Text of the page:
Format

Send to

Choose Destination
J Infect Dis. 2015 Jan 1;211(1):62-71. doi: 10.1093/infdis/jiu402. Epub 2014 Jul 17.

The surface rhamnopolysaccharide epa of Enterococcus faecalis is a key determinant of intestinal colonization.

Author information

1
INRA, UMR1319 Micalis AgroParisTech, UMR Micalis, Jouy-en-Josas, France.

Abstract

Enterococcus faecalis is a commensal bacterium of the human intestine and a major opportunistic pathogen in immunocompromised and elderly patients. The pathogenesis of E. faecalis infection relies in part on its capacity to colonize the gut. Following disruption of intestinal homeostasis, E. faecalis can overgrow, cross the intestinal barrier, and enter the lymph and bloodstream. To identify and characterize E. faecalis genes that are key to intestinal colonization, our strategy consisted in screening mutants for the following phenotypes related to intestinal lifestyle: antibiotic resistance, overgrowth, and competition against microbiota. From the identified colonization genes, epaX encodes a glycosyltransferase located in a variable region of the enterococcal polysaccharide antigen (epa) locus. We demonstrated that EpaX acts on sugar composition, promoting resistance to bile salts and cell wall integrity. Given that EpaX is enriched in hospital-adapted isolates, this study points to the importance of the epa variability as a key determinant for enterococcal intestinal colonization.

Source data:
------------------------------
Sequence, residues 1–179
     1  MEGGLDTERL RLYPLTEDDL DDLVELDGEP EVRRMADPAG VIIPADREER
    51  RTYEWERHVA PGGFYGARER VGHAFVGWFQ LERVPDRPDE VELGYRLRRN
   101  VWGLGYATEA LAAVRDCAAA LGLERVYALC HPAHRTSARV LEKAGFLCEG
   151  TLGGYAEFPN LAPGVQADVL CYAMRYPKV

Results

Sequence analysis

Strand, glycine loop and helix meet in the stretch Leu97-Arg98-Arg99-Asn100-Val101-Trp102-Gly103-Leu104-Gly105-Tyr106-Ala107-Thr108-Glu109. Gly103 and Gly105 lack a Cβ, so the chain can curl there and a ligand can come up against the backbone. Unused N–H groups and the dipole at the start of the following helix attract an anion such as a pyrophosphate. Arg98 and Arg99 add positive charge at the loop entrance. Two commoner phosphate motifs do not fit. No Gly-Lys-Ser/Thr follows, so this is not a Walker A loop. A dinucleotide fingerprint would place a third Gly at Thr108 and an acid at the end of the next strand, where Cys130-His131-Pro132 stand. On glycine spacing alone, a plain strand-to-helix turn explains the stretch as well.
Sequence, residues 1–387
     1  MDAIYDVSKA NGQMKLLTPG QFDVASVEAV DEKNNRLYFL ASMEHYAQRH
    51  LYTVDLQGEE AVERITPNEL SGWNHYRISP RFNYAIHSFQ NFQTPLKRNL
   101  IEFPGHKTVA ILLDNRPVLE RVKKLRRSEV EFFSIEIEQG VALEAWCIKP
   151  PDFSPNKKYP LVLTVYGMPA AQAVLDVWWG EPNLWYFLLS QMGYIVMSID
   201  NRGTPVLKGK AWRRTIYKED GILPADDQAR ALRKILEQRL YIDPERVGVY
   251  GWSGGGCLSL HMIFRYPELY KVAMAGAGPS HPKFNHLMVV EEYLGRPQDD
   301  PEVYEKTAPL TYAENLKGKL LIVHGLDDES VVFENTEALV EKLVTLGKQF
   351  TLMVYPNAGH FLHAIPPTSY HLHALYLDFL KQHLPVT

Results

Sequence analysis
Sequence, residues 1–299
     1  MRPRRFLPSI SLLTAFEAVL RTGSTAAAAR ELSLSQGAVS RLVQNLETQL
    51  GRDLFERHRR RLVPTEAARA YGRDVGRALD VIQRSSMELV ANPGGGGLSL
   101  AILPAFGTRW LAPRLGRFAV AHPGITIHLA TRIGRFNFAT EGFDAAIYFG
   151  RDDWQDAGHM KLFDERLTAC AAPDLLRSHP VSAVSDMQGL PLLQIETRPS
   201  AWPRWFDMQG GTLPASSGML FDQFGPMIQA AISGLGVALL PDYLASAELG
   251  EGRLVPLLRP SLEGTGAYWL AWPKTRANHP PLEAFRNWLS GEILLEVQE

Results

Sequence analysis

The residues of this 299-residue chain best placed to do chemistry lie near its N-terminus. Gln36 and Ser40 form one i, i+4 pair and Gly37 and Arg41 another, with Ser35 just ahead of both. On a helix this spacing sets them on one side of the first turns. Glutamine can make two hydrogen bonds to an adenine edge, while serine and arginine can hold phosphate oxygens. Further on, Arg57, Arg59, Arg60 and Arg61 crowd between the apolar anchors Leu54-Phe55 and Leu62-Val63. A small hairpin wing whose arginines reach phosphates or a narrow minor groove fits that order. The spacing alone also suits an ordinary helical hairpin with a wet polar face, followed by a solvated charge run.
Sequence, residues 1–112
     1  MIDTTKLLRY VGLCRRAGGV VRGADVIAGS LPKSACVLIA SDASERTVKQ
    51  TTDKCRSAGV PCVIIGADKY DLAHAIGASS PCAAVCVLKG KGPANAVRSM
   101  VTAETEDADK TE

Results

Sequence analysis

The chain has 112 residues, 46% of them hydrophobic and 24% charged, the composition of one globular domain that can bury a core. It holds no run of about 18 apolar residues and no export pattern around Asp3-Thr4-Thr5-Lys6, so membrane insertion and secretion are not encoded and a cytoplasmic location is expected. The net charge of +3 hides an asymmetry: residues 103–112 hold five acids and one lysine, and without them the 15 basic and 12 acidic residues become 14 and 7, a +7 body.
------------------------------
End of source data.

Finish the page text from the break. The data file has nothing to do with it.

KEYWORDS:

Enterococcus faecalis; intestinal colonization; opportunistic infection; pathobiont; rhamnopolysaccharide

PMID:
25035517
DOI:
10.1093/infdis/jiu402
[Indexed for MEDLINE]

Supplemental Content

Full text links

Icon for Silverchair Information Systems
Loading ...
Support Center